Actavis argued that Recro failed to prove infringement under the doctrine of equivalents because Recro's expert, Dr. Siepmann, did not properly account for the excipients in Actavis' coating. Recro contended that because the claim language requires the coating be "selected from the group consisting of an ammonio methacrylate copolymer, a methacrylic acid copolymer and a mixture thereof," the presence of any other excipients is explicitly excluded. The court was not persuaded.

Excipients are not excluded by the language of claim 1 of the ’096 patent, the court decided. Although the claim phrase "consisting of" is ordinarily found to signify exclusion, in the ’096 patent, "consisting of" only serves to limit the universe of polymers that can be present in the coating. The phrase does not limit the presence of excipients, solvents or carriers ubiquitous to pharmaceutical preparations.

There was no dispute that Actavis' ANDA products meet the limitations of dependent claims 4 and 5, according to the court. Actavis' ANDA document discloses a "[q]uality [t]arget [p]roduct [p]rofile (QTPP) for [h]ydrocodone [b]itartrate ER [c]apsules" where the dosage strength is 10, 15, 20, 30, 40, and 50 milligrams. Thus, Actavis' ANDA products infringe dependent claims 4 and 5 in addition to independent claim 1.

The ’742 patent. Recro asserted that Actavis' ANDA products infringe claims 1, 6, 13, 14, 16, and 19 of the ’742 patent. The dispute centered around two claim limitations: (1) "comprising a first population of active ingredient-containing particles and at least one subsequent population of active ingredient containing particles;" and (2) "delivers the active ingredients of the first and subsequent populations in a pulsatile manner." Recro argued that Actavis' products literally infringe both claim limitations, and alternatively that Actavis' ANDA products infringe the first claim limitation under the doctrine of equivalents.

The evidence presented at trial demonstrated that Actavis' active ingredient-containing beads do not comprise a first and subsequent population of active ingredient containing particles.

Instead, Actavis' ANDA products can be described as a multilayer tablet and Recro's argument was unpersuasive. Because the court concluded that Actavis did not literally infringe the first and subsequent population of active ingredient-containing particles limitation, it must determine whether Actavis infringed under the doctrine of equivalents.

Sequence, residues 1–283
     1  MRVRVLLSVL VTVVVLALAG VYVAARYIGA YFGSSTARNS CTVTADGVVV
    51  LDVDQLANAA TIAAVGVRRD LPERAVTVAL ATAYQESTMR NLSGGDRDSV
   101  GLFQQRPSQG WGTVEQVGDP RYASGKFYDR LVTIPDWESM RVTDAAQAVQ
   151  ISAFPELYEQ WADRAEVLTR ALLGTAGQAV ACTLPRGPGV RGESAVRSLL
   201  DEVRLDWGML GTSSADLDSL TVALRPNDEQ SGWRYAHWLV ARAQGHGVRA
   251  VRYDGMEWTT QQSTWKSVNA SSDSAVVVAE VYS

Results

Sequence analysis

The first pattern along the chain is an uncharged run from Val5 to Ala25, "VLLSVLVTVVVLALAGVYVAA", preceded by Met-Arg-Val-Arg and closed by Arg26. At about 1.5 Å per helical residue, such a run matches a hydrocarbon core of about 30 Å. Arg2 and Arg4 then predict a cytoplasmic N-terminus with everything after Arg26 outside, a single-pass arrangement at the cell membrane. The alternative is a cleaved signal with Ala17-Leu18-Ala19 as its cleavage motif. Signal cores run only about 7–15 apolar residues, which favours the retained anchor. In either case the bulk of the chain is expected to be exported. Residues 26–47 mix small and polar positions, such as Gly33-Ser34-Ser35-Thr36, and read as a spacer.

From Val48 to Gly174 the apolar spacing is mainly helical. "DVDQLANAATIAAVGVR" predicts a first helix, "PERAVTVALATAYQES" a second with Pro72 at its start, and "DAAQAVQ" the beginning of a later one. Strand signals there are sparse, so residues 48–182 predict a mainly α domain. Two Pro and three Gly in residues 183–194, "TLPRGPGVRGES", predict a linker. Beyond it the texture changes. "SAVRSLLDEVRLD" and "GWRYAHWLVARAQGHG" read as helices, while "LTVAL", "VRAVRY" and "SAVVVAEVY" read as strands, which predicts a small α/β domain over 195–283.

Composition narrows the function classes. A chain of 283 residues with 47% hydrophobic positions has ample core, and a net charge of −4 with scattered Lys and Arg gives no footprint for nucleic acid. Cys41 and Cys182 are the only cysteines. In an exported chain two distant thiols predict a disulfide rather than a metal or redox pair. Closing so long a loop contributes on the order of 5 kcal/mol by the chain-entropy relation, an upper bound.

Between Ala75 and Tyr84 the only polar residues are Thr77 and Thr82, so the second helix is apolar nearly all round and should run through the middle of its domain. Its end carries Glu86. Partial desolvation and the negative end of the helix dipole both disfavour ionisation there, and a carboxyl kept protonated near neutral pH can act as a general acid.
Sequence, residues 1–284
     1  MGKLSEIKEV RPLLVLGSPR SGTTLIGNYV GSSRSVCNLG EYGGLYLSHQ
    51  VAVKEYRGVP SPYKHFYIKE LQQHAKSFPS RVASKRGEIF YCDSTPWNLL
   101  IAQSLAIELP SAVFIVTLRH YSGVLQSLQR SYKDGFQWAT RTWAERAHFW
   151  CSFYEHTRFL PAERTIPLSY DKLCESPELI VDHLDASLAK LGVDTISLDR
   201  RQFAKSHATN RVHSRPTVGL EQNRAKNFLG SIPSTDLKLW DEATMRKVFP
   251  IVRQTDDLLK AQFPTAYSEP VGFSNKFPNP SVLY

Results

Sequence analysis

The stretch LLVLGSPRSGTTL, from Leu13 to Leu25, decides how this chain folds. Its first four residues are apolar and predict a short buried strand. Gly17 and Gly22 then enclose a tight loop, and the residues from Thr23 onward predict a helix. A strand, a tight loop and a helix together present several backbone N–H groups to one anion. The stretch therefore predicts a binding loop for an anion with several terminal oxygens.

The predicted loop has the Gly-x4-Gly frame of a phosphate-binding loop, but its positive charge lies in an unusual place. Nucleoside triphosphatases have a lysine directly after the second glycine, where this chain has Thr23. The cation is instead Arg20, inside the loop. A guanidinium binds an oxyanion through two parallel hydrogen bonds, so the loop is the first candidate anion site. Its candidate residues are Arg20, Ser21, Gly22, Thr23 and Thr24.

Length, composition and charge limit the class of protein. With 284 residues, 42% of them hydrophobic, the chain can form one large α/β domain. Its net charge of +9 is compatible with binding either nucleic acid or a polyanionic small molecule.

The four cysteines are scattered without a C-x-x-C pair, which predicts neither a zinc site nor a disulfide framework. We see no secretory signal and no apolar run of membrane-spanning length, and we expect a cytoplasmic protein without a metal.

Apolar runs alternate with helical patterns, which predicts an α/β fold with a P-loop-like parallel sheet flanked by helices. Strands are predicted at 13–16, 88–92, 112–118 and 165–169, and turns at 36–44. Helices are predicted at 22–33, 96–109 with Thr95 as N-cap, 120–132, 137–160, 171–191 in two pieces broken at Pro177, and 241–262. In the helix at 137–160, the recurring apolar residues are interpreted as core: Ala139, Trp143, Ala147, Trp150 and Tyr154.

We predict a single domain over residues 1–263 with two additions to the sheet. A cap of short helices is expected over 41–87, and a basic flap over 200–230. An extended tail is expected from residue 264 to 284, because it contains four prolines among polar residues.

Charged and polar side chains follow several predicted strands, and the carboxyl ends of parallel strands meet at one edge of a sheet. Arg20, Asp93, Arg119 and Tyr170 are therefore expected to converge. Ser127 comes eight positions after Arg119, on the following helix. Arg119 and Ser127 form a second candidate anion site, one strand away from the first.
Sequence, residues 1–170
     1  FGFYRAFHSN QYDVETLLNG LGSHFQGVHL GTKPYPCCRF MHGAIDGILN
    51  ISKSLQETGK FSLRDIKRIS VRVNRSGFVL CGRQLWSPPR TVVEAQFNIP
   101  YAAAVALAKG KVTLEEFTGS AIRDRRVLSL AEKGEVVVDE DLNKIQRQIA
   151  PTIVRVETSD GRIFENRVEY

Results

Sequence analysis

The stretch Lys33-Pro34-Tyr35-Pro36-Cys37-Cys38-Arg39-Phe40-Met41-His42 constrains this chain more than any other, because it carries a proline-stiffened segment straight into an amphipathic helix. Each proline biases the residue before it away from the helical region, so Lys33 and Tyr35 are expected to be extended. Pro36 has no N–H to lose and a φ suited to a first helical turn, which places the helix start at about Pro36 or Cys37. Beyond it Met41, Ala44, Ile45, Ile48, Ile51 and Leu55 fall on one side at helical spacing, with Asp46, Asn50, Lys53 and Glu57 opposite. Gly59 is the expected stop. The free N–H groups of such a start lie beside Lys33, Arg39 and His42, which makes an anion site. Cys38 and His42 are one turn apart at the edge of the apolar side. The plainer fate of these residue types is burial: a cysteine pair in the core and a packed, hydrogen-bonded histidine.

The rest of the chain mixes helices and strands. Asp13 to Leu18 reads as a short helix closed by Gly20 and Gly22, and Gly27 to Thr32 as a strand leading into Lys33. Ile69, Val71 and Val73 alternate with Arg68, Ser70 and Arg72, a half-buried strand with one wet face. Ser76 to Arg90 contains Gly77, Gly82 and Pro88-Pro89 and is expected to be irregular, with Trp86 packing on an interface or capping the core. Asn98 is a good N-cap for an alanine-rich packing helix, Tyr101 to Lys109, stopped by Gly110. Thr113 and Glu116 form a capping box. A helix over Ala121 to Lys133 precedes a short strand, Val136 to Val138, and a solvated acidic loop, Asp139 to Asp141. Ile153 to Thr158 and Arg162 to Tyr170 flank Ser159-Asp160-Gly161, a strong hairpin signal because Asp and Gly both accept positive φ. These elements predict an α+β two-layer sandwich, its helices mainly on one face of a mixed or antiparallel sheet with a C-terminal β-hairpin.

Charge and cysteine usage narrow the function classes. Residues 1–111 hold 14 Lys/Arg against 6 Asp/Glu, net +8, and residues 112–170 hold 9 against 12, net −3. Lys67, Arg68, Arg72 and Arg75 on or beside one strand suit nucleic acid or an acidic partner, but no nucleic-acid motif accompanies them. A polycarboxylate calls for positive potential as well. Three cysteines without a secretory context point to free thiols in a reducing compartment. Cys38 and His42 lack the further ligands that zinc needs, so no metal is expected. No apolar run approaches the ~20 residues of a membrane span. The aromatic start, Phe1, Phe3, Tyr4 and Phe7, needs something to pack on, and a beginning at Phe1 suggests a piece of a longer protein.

Because the court determined that Actavis' multilayer tablet differs insubstantially from Recro's claimed first and subsequent population of active ingredient-containing particles, Actavis' products meet the first limitation of claim 1. Further, Because Actavis' products contain two active ingredient-containing components falling within the scope of claim 1, as evidenced by its statements in the ANDA, Actavis products meet the first and subsequent pulse claim limitation in claim 1 of the ’742 patent, the court held.

The court construed claim 1 to require not just a first and subsequent pulse of active ingredient, but also "a plasma concentration profile characterized by two or more peaks interspersed with low concentration troughs." Actavis contended that its three bioequivalence studies show no evidence that administering its product to patients causes plasma concentration profiles that meet the court's construction. Recro argued, however, that because some patients experienced plasma concentration profiles characterized by two or more peaks interspersed with low concentration troughs, Actavis' ANDA products meet the claim limitation. Recro's argument was persuasive, the court concluded.

Finally, the court also determined that dependent claims 6, 13, 14, 16, and 19 were infringed by Actavis’ ANDA products.

The case is No. 1:14-cv-01118-GMS.

Attorneys: Jack B. Blumenfeld (Morris, Nichols, Arsht & Tunnell LLP) for Recro Gainesville LLC. Kelly E. Farnan (Richards, Layton & Finger, PA) for Actavis Laboratories FL Inc.

Companies: Recro Gainesville LLC; Actavis Laboratories FL Inc.

MainStory: TopStory Patent DelawareNews